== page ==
1 Measuring Empowerment in Practice: Structuring analysis and Framing Indicators Ruth Alsop Nina Heinsohn World Bank Policy Research Working Paper 3510, February 2005. The Policy Research Working Paper Series disseminates the findings of work in progress to encourage the exchange of ideas about development issues. An objective of the series is to get the findings out quickly, even if the presentations are less than fully polished. The papers carry the names of the authors and should be cited accordingly. The findings, interpretations, and conclusions expressed in this paper are entirely those of the authors. They do not necessarily represent the view of the World Bank, its Executive Directors, or the countries they represent. Policy Research Working Papers are available online at 1.
2 Contents 1. A Framework for Understanding and Measuring 6. Agency .. 8. Opportunity Structure .. 9. Degrees of 10. Where Empowerment Takes Place Domains and Levels .. 11. Domains .. 12. 13. The Framework 14. 2. Using the 15. Applications .. 15. Examples of Application in Interventions .. 16. Applying the Framework in Ethiopia: The Women's Development Initiatives Project (WDIP) .. 17. The Project .. 17. Measuring Empowerment in 18. Applying the Framework in Nepal: The Measuring Empowerment and Social Inclusion (MESI) Study .. 19. The Project .. 19. Measuring Empowerment in 20. Applying the Framework in Honduras: The Community-Based Education Project (Proyecto Hondure o de Educaci n Comunitaria, PROHECO) .. 21. The Project .. 21. Measuring Empowerment in PROHECO.
3 22. Applying the ME Framework in 24. The Project .. 24. Applying the Framework in the Lifelong Learning 24. Applying the Framework within a National Survey .. 26. Agency and Opportunity Structure .. 27. Degrees of 28. Application at the National Level .. 28. 3. Summary .. 29. Reference List .. 32. 2. List of Boxes Box 1. The Effect of Education on Other 8. Box 2. Relationship Between Formal and Informal Institutions .. 9. Box 3. The Importance of Assets and Opportunity Structure to Effective Political Choice in India .. 11. Box 4. School Council Empowerment Variables .. 23. Box 5. Household and Community Empowerment 23. List of Annexes Annex 1. Approaches to Measuring Empowerment .. 35. Annex 2. Intervention-Level Indicators of Empowerment .. 43. Table 1.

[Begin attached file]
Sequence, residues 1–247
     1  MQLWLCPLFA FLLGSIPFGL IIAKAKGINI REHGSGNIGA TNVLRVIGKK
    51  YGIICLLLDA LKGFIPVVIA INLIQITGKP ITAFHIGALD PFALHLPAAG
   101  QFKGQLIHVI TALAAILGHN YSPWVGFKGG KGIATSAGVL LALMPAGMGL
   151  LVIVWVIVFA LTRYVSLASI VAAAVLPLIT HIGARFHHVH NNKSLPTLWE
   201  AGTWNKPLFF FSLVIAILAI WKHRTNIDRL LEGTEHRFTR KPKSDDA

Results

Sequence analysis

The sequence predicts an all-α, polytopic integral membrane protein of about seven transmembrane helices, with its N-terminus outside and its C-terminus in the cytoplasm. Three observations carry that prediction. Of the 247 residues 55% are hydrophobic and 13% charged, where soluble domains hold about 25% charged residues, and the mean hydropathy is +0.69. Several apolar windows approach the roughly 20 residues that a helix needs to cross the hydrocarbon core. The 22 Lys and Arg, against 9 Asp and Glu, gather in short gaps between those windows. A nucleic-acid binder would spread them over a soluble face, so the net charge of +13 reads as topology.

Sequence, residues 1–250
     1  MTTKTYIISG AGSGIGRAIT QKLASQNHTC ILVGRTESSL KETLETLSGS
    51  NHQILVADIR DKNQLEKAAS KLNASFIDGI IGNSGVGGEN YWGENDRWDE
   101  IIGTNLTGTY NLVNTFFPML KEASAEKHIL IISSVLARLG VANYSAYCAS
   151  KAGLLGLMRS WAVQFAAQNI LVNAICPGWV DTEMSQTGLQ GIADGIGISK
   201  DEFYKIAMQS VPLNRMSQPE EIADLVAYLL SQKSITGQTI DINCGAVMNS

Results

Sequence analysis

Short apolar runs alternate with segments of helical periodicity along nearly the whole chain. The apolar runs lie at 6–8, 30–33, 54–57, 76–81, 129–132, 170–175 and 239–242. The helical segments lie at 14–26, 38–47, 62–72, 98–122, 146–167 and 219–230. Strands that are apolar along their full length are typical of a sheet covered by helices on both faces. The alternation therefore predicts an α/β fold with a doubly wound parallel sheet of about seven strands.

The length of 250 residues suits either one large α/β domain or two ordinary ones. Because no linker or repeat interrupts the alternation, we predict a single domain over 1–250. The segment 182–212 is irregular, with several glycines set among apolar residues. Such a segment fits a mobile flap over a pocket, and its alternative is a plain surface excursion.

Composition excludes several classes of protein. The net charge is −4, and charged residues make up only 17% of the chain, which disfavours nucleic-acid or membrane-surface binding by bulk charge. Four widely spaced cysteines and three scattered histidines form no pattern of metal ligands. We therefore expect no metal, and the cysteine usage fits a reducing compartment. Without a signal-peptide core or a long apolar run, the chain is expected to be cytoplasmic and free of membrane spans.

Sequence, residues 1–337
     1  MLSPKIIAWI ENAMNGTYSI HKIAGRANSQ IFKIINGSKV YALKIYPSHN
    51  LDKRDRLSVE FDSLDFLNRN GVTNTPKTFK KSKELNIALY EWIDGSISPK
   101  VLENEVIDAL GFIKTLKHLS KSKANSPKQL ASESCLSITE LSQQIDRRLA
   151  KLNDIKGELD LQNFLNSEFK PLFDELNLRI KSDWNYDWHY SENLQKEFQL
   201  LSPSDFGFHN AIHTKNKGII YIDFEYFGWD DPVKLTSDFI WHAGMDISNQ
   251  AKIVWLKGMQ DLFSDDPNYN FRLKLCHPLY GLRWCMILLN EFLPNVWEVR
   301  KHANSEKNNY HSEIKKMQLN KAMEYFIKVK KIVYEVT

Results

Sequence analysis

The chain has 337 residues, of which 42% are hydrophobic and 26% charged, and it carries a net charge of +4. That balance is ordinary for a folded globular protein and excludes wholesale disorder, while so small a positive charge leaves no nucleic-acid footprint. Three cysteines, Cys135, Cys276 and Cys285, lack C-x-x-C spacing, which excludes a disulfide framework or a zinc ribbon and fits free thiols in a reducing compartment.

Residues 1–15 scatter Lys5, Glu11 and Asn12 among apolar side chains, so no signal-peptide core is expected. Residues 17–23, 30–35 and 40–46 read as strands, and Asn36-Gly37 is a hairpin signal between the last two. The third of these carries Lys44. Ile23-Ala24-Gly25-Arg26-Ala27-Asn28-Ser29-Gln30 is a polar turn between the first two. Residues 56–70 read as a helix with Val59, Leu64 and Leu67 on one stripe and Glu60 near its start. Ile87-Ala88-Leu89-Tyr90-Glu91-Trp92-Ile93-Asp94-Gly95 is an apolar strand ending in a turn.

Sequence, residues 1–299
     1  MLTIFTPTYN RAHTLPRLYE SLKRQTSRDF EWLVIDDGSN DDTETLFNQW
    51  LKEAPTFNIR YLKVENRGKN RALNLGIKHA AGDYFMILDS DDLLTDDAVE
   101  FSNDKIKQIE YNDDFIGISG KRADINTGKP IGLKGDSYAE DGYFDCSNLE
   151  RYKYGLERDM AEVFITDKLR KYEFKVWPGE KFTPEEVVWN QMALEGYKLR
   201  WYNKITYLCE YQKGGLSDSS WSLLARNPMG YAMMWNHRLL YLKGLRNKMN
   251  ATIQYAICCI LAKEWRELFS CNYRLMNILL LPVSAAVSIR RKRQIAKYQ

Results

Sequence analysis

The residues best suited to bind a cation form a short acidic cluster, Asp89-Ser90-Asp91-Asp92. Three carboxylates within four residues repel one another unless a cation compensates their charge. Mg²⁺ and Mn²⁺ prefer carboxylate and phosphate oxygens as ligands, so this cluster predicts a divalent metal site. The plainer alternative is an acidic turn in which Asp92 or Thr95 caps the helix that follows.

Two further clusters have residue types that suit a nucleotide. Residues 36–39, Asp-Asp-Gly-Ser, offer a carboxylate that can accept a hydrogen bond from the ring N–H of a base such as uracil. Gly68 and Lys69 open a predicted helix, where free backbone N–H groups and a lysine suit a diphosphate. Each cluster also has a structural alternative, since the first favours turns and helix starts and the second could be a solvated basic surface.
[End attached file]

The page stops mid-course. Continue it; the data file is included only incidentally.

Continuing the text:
4 Empowerment Indicators, Ethiopia Women's Development Initiatives Project .. 43. Table 2. Empowerment Indicators, Nepal Rural Water and Sanitation Project .. 49. Table 3. Empowerment Indicators, Honduras Community Based Education Project. 55. Table 4. Empowerment Indicators, Mexico Lifelong Learning Project .. 59. Annex 3. Empowerment Themes and Strategies in Selected 59. Annex 4. National-Level Indicators of 62. Table 1. Intermediate Indicators of Empowerment : 63. Table 2. Intermediate Indicators of Empowerment : State Domain .. 65. Table 3. Intermediate Indicators of Empowerment : Market 73. Table 4. Intermediate Indicators of Empowerment : Society Domain .. 75. Table 5. Direct Indicators of Degrees of Empowerment .. 77. Annex 5. Draft National Survey Empowerment Module.
5 83. Table 1. Summary of Survey Module and Institutional Mapping Themes and Tools. 86. 3. ABSTRACT. This paper presents an analytic framework that can be used to measure and monitor Empowerment processes and outcomes. The Measuring Empowerment (ME) framework, rooted in both conceptual discourse and measurement practice, illustrates how to gather data on Empowerment and structure its analysis . The framework can be used to measure Empowerment at both the intervention level and the country level, as a part of poverty or governance monitoring. The paper first provides a definition of Empowerment and then explains how the concept can be reduced to measurable components. Empowerment is defined as a person's capacity to make effective choices; that is, as the capacity to transform choices into desired actions and outcomes.